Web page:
Sunday, 2 October 2011

What is 'Probate'?

Article by
Sharon Brown
The loss of a loved one is always a difficult time, and being confronted with legal terms such as ‘Grant of Representation’ is not helpful. It can be daunting and confusing trying to plough through legal processes and work out what actually needs to be done. Many people mistakenly believe that a Grant is always needed but this is not the case; it is dependent on the value of the estate and whether any assets were owned jointly with someone else or held only in the deceased person’s sole name.

When someone dies there are a number of issues that must be dealt with, including dealing with any property that was owned or rented, closing down bank and building society accounts, encashing or transferring shares and investments and settling any debts the person may have had. Financial organizations may start referring to ‘probate’ but this can be misleading for people who do not know what it means. Put simply, probate is the term commonly used for obtaining the legal right to deal with a deceased person’s affairs – administering the estate.

If the deceased person left a Will, the ‘executors’ (the people named to carry out the instructions written in the Will) are likely to need a Grant of Probate in order to administer the estate. The Grant of Probate means that the Court has confirmed the validity of the Will and gives the executors legal authority to proceed to carry out the stated instructions.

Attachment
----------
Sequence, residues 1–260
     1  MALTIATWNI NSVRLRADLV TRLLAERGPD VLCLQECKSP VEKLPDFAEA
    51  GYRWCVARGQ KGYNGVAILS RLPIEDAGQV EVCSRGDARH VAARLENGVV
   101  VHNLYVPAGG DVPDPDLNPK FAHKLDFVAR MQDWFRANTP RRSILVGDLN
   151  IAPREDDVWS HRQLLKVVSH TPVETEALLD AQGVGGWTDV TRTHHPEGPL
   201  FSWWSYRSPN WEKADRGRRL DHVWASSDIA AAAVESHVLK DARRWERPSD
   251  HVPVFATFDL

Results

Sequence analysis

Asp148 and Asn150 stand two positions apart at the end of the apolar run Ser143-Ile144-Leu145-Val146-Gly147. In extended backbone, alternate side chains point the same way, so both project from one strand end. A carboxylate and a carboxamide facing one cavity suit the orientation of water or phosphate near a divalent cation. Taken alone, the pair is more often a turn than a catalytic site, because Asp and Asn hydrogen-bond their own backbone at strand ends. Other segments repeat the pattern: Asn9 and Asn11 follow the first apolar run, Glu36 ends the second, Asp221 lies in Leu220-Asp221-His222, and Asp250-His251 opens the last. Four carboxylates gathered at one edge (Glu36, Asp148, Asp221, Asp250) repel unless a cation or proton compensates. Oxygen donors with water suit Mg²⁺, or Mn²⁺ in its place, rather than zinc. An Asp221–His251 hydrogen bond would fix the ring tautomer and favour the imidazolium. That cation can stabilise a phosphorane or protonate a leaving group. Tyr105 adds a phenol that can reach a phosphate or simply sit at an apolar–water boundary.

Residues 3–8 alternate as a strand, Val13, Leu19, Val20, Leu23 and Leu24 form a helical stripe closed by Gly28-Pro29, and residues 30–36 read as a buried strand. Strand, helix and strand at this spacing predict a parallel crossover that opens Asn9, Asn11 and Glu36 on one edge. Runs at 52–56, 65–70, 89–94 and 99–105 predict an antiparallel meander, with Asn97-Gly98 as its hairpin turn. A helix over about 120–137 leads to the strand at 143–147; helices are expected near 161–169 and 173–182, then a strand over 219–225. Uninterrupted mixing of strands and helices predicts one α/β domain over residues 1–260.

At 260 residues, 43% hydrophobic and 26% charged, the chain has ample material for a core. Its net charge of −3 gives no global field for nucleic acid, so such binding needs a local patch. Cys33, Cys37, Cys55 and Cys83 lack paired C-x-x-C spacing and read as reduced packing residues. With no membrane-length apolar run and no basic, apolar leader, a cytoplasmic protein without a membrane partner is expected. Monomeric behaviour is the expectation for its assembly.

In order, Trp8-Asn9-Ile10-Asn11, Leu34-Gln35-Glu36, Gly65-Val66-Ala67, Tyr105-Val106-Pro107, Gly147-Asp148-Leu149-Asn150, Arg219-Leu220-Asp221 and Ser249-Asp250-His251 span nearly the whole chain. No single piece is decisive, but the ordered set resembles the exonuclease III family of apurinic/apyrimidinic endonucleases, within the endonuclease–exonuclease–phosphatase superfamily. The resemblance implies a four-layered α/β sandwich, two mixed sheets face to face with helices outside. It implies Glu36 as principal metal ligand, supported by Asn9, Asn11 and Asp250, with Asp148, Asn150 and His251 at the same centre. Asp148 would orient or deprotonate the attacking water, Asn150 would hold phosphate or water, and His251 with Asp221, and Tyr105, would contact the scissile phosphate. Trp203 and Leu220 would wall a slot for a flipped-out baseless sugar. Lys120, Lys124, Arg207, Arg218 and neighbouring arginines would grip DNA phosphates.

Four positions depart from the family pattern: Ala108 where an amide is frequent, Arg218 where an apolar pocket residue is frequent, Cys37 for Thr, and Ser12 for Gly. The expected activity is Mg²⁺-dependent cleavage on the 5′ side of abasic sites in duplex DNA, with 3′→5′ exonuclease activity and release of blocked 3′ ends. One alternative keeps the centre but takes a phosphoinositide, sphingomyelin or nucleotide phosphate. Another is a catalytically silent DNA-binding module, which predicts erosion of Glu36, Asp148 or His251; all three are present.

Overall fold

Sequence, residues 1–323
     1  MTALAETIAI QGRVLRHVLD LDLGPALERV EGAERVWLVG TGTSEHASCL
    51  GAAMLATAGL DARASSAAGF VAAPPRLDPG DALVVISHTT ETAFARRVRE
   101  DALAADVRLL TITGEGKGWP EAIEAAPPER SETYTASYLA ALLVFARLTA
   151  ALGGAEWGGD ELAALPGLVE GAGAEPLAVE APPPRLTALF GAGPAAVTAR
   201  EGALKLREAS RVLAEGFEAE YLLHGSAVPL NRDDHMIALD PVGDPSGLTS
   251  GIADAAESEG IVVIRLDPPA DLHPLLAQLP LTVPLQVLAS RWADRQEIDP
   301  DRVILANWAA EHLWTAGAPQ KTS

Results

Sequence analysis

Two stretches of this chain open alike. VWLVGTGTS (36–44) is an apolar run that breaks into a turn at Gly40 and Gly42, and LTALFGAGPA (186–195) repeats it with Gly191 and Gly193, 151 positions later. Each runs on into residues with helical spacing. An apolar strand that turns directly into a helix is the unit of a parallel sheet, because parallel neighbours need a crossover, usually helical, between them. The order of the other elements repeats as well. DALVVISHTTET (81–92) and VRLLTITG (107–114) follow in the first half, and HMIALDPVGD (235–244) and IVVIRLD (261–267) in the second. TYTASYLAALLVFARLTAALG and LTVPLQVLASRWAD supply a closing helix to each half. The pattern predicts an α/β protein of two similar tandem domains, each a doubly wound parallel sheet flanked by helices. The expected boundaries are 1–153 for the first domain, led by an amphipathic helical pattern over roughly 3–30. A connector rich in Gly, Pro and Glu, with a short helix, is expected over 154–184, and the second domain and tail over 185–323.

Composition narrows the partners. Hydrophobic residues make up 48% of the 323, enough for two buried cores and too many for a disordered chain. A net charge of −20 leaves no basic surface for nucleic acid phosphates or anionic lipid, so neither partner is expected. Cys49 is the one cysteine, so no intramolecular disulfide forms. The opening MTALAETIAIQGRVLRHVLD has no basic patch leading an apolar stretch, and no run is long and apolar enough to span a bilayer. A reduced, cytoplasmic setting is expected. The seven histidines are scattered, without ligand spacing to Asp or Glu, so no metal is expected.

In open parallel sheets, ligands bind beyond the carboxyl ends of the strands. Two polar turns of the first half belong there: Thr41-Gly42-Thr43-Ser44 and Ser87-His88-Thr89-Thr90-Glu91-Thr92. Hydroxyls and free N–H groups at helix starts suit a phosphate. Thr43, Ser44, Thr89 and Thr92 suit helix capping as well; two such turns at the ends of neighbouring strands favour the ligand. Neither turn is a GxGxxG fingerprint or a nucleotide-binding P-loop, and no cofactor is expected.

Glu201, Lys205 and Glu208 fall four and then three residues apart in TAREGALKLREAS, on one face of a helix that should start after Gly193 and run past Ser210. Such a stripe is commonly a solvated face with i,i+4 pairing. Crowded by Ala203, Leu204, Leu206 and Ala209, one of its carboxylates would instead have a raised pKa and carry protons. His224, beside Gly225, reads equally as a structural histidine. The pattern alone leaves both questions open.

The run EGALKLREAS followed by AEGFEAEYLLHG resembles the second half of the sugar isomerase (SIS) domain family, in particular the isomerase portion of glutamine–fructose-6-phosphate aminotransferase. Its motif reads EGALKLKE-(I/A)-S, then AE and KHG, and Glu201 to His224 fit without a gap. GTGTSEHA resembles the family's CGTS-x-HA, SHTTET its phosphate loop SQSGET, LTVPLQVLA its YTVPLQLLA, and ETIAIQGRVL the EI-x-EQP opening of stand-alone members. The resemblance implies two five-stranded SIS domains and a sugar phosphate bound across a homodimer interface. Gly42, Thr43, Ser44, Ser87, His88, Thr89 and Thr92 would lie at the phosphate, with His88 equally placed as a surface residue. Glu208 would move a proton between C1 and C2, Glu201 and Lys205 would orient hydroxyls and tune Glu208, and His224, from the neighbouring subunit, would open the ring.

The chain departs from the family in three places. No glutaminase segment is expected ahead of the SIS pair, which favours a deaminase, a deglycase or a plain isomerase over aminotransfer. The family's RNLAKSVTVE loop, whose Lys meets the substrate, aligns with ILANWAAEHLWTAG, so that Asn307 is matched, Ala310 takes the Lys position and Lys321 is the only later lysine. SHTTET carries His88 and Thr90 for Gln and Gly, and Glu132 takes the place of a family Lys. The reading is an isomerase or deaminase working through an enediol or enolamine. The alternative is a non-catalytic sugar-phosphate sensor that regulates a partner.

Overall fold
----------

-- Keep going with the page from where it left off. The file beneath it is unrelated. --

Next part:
If the person died without making a Will, it means they died ‘intestate’ and therefore the law decides how their estate will be distributed. (For more guidance on the intestacy rules please see our Intestacy Article ). The ‘administrators’ (the people legally entitled to deal with the estate – usually the next of kin) will need to apply for a Grant of Letters of Administration before they can start to deal with the deceased person’s affairs. This type of estate can become particularly confusing as the administrators have a legal duty to ensure that distribution is made in accordance with the intestacy rules and to the correct people.

The common belief when there is no Will is that the whole estate will pass to the person’s spouse but this is not always correct and only applies in estates that are relatively small in value. Furthermore, there is no recognition of unmarried partners in the intestacy rules and they may need to successfully claim financial dependence on the deceased person in order to be provided for from the estate.

It is possible to apply for a Grant of Probate or Letters of Administration without any legal advice or guidance, but many people prefer to seek assistance from a specialist solicitor.

Here at Garden House we pride ourselves in offering different levels of service to meet your personal circumstances and requirements, including:
• A one-off meeting to explain how you can deal with matters yourself, the terms of the Will (if applicable) and what your next steps should be;
• Easing the burden by obtaining the Grant of Probate or Letters of Administration on your behalf for a fixed fee;
• Taking the pressure away completely by dealing with the entire estate on your behalf, keeping you updated and informed throughout.


If you require any advice or assistance in dealing with the affairs of someone who has passed away please contact a member of the Private Client team at Garden House Solicitors on 01992 422128  or email Sharon Brown .

http://www.gardenhousesolicitors.co.uk/ Tel: 01992 422 128

The contents of this article are intended for general information purposes only and shall not be deemed to be, or constitute legal advice. We cannot accept responsibility for any loss as a result of acts or omissions taken in respect of this article. 

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